A review of the cooling architecture can often lead to significant savings for minimal effort. "I've seen all kinds of ranges for energy efficiency improvement," Tucillo says, "spanning from 40 percent to 20 percent. This can be as straightforward as moving air conditioners closer to those rows of virtualized servers, a strategy called close-coupled cooling. The idea behind close-coupled cooling is to have more control over the delivery of cool air and the capture of hot air. "You want to employ the right cooling required for a particular rack at the time it is needed," Tucillo explains.
4. Fill Empty Spaces
Another issue with virtualization: when servers are removed from a rack, the bypass airflow from the remaining servers typically will increase, creating issues with cooling and energy efficiency, says Don Beaty, president of DLB Associates, an Eatontown, N.J.-based data center design and building firm. Fill the empty spaces within racks, cabling openings, and so forth with blanking panels or curtains.
5. Adopt a Zone Approach
As virtualization adoption increases, one trend gaining in popularity is using zones throughout the data center. Virtualization facilitates the creation of zones as entire racks of servers are removed in favor of fewer, higher density racks. "You can have a highly utilized zone within the data center which in all likelihood is going to enable you to literally shut down whole other areas of your data center," Tucillo explains. In turn, the appropriate power and cooling capabilities can be located precisely where they are needed.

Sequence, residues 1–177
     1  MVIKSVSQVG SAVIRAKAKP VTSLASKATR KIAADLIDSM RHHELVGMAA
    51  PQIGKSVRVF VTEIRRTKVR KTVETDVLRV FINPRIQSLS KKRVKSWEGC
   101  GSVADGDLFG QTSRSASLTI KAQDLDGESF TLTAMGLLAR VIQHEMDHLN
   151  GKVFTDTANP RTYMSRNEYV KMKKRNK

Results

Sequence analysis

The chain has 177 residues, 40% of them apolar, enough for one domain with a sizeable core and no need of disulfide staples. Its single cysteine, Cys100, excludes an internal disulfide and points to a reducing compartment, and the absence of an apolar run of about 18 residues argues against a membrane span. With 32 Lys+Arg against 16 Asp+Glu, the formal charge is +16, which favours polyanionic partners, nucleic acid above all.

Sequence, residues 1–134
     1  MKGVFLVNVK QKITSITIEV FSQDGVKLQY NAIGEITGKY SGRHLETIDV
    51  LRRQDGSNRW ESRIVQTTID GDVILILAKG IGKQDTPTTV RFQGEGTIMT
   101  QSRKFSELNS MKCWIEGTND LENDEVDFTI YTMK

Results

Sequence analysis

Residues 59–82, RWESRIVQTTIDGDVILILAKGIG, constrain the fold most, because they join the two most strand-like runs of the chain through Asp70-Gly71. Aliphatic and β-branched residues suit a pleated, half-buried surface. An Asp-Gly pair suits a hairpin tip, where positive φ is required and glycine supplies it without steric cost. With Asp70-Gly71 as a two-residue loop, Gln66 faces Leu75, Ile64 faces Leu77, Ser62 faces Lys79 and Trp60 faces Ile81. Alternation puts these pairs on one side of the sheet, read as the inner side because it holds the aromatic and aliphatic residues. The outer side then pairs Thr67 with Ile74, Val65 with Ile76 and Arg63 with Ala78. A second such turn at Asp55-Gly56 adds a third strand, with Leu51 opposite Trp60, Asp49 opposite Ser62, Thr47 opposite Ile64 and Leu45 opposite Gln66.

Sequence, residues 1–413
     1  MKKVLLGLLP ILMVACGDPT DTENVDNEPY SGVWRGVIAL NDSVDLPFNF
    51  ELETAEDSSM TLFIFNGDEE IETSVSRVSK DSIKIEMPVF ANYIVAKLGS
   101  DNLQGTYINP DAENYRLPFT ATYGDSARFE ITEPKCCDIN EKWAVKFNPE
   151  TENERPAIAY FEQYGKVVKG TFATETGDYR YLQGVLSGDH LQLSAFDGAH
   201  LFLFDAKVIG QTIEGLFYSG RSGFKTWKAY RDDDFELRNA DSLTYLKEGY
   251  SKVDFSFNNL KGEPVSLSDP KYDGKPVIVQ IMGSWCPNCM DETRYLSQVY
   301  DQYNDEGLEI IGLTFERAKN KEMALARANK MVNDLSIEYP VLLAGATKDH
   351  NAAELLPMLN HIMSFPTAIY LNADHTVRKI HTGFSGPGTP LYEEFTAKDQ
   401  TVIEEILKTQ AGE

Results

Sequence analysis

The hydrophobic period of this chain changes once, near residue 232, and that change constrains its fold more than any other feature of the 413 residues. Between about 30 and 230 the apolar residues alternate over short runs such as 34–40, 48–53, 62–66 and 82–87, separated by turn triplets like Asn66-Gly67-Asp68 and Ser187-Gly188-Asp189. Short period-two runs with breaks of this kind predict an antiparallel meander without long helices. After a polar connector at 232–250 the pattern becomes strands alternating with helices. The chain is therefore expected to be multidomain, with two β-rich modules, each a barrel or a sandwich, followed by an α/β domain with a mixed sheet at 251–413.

Creating zones organized according to applications can also better enable a data center to balance load, server efficiency and redundancy requirements. For example, back-office applications may live in one zone of the facility while mission-critical systems are in another zone. Rather than deliver the same amount of redundant power and cooling throughout, the mission-critical zone can be targeted for higher levels of redundancy and more robust cooling.
"The opportunity to save energy requires data centers to look at more variables rather than less," Beaty says. "Matching up load, efficiency and redundancy so that they work together is a way to optimize energy consumption."
6. Economize with Outside Air
And don't overlook the outside environment. Beaty says that data centers are often kept too cool; by increasing the temperature in accordance with recent guidelines from ASHRAE (the American Society of Heating, Refrigerating and Air-Conditioning Engineers), data centers can take advantage of the economizer mode feature that many data center cooling systems now have, which essentially involve using outside air for cooling.
Raising the internal temperature from 70 degrees to 80 degrees, for example, won't compromise IT equipment performance, Beaty says, and will allow a data center to take advantage of many more days each year in which the outside air is cooler than the inside air. The savings derived from using economizer mode can add up quickly. "You can see an energy savings of 50% or more every hour you use an economizer," Beaty says.
Optimizing energy usage throughout a data center can be a sophisticated exercise, but following these few relatively simple steps can potentially deliver big savings to CIOs.
Megan Santosus is a writer and editor in Natick, Mass.